Garage Safety: Keep Toys Away from Hazardous Chemicals

LESLIE: Home safety is always important but never more so when you’ve got young children. And one of the most hazardous rooms of your house may be your garage, a place where many people keep a dangerous combination of toys and sporting equipment, of course, right next to those fertilizers and household chemicals.

TOM: Kevin O’Connor, the host of TV’s This Old House, is here with some great, safe-storage tips for that space.

Garage Safety: Keep Toys Away from Hazardous ChemicalsWelcome, Kevin.

KEVIN: Hi, guys. Great to be here.

TOM: It’s true that this is one of the rooms in the house where kids can definitely keep their favorite outdoor gear right alongside the gasoline and the yard tools that we keep in there. So, how do you make sure that everyone’s stuff is stored safely?

KEVIN: Well, I think some common sense goes a long way in this situation and so you need to recognize the hazards. And it starts by just taking a good look around that garage and seeing what you’re actually storing there and think about what could be dangerous.

And so, if you’ve got dangerous chemicals, certainly put them out of reach from the children. Or better yet, if you can, put them in a locked cabinet. And also, it helps if you’ve got chemicals, keep them in their original container with the labels in good condition so that you know what’s there and you see all the safety warnings.

And here’s a good idea: don’t purchase any more of these chemicals than you need because then you’ll go through them and they won’t be stored in your garage for long periods of time.

LESLIE: What about combustibles? I feel like so many things that we use in our outdoor spaces require a fuel like propane or gasoline. And you really need to think especially carefully when it comes to storing those items.

KEVIN: Well, you do. And again, those things should be out of the reach of the kids but also, it’s important what you store them in, right? So these fuels really should be stored in containers specifically designed for their storage. Gasoline cans, for example, well, they’ve got special vents to avoid any dangerous buildup of combustible fumes. So storing gas in anything else, any sort of a lesser container, it’s just an explosion waiting to happen.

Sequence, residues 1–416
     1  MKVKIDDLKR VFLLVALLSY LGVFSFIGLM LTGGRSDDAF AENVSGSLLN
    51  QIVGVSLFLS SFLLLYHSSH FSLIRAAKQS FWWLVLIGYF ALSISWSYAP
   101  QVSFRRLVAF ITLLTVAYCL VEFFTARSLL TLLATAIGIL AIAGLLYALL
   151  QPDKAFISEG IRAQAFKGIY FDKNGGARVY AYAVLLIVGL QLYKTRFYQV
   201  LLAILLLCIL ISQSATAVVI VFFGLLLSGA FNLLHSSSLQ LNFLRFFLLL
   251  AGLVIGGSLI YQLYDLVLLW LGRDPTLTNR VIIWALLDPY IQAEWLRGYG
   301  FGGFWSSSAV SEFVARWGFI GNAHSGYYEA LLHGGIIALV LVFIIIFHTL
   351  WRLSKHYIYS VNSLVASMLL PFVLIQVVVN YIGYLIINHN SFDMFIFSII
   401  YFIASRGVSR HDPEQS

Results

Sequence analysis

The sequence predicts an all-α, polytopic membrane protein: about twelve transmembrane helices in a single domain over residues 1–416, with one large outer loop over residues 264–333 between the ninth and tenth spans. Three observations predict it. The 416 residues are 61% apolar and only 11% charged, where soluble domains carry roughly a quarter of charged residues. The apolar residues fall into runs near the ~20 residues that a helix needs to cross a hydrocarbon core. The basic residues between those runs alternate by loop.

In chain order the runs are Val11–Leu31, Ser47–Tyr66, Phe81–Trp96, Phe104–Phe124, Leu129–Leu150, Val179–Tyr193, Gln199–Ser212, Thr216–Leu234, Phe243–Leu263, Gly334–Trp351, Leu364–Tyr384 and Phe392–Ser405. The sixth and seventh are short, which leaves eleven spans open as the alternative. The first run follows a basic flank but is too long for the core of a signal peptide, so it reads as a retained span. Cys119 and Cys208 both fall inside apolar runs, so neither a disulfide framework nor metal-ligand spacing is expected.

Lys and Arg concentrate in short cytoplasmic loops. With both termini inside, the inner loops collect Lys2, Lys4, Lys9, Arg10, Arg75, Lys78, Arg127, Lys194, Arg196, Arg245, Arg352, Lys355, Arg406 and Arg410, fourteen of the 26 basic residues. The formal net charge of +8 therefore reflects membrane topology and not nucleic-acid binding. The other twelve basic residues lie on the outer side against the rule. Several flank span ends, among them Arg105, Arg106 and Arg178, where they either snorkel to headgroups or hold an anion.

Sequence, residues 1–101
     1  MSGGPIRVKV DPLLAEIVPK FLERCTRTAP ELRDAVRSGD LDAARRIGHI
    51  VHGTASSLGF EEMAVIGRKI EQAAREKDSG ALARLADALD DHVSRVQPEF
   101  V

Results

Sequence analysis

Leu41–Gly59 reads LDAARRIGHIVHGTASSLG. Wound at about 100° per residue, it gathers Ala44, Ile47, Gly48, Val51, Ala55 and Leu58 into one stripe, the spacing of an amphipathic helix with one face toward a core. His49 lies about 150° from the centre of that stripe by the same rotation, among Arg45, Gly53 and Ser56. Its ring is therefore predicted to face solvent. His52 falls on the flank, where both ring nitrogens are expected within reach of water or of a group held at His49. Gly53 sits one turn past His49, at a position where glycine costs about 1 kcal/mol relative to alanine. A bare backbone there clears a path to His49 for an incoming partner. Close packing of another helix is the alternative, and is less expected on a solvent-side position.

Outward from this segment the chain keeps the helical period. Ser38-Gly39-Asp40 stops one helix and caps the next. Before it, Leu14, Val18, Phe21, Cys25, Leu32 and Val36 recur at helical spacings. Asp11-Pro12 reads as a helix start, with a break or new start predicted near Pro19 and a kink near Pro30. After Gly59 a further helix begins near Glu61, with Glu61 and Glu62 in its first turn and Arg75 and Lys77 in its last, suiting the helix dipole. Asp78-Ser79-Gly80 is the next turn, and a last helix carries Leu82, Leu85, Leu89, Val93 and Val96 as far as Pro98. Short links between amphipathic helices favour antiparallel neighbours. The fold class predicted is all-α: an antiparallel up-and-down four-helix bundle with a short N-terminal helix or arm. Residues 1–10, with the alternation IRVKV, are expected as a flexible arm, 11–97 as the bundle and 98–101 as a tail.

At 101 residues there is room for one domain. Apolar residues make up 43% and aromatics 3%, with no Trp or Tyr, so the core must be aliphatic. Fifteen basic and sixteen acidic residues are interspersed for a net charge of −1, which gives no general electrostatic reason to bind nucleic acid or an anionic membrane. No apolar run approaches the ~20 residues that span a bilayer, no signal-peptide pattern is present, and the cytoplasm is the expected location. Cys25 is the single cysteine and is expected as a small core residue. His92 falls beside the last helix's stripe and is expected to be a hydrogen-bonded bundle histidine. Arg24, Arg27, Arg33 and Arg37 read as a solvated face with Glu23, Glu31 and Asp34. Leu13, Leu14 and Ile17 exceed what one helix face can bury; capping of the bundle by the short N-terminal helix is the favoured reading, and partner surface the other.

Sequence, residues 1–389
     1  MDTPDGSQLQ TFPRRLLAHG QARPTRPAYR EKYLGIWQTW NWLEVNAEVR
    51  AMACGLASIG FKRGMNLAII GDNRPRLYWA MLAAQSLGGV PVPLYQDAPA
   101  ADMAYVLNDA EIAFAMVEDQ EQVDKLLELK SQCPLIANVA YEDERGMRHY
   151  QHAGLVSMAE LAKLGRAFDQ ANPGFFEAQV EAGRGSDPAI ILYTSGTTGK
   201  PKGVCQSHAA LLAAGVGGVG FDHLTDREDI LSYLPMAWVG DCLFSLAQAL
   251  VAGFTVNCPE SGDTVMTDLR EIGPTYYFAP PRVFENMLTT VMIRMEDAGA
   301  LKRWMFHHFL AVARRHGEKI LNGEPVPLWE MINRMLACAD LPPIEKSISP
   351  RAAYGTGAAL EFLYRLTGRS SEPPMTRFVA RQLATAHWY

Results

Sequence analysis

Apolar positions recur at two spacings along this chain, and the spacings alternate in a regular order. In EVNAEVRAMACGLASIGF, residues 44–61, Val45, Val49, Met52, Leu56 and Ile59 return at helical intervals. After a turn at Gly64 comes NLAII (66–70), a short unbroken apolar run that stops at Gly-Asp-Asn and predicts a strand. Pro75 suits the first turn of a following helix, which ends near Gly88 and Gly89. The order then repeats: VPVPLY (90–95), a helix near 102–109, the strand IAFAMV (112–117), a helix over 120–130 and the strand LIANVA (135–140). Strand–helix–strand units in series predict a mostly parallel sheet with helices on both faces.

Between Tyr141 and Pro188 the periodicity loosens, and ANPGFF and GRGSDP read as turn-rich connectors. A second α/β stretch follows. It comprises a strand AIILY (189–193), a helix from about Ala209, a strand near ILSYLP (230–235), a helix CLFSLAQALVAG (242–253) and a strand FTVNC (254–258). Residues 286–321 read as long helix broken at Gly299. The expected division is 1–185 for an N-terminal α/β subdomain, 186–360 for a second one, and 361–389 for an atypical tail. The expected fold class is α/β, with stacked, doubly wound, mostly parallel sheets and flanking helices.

TOM: Now, when it comes to all of the other storage that we put inside of our garage – the toys, the ladders, all that kind of stuff – the garage is sort of chock-a-block full of tripping hazards, right?

KEVIN: Yeah. And it’s not just gasoline and fertilizers. Those things will jump out at you but if you think about stuff, you’ll start to see other dangers.

So, for example, a ladder. Well, if you store it up in the upright position, kids can climb up on it and it can tip over. So, store it in a horizontal position so they’re not going to climb on it and no one is going to tumble over it. Rakes, hedge trimmers, shovels left on the garage floor or leaning against a wall, they can easily fall, they can cause injuries, they can cut people. So use the wall space and get as many of your tools off the floor and into a safe area as possible.

LESLIE: Mm-hmm. And you know what? We, as Tom likes to make fun of me, we have an especially dated garage at our home. And I feel like the door is just a hazard waiting to happen. So, are there any sort of tips that we can use to make our garage door safer?

KEVIN: Most garage doors, at least since 1982, have been required to have an automatic reversing mechanism so that they’ll go back up if there’s anything underneath that door. But unfortunately, the mechanisms can wear out or they can even fail if they’re not properly maintained. So test yours. Make sure it’s actually working, because it’s a great safety feature.

TOM: And then another risk is pinching. As those doors come down, kids get their hands in. I’ve seen door designs, though, today that are pinch-free designs, which have the ability to sort of push fingers out of that sort of crushed joint so that you really can’t get it stuck in there.

KEVIN: That’s a cool feature. I just scream at my kids and tell them to get away from the garage doors when they’re moving. But yeah, keep them away. And if you’ve got those safety features on those doors, you can use those.

Also, you’ve got to understand that a lot of these garage doors, when they’re powered, these are heavy doors. And so they use springs that are actually going to provide the strength to lift the door. Well, the problem is that the springs can break.

TOM: Right.

KEVIN: And if they do, well, they’re going to fly across that garage and they can actually hurt somebody. So, here’s a little tip. When the door is closed in the closed position, just thread a wire, like a picture-hanging wire; that’ll work well. Thread it inside the extended spring and then secure it to an eyelet at each end. So if the spring ever does break, it’s not going anywhere; it’s going to stay in place.

TOM: So that wire will contain the spring and stop it from flying off and hitting somebody. Yeah.

KEVIN: But it doesn’t become a projectile.

TOM: Yeah, good advice. Kevin O’Connor, the host of TV’s This Old House, great tips on how to stay safe in the garage.

KEVIN: Great to be here, guys.

LESLIE: Alright. You can catch the current season of This Old House and Ask This Old House on PBS. For local listings and step-by-step videos of many common home improvement projects, visit

TOM: And This Old House and Ask This Old House are brought to you by The Home Depot. The Home Depot, more saving, more doing.

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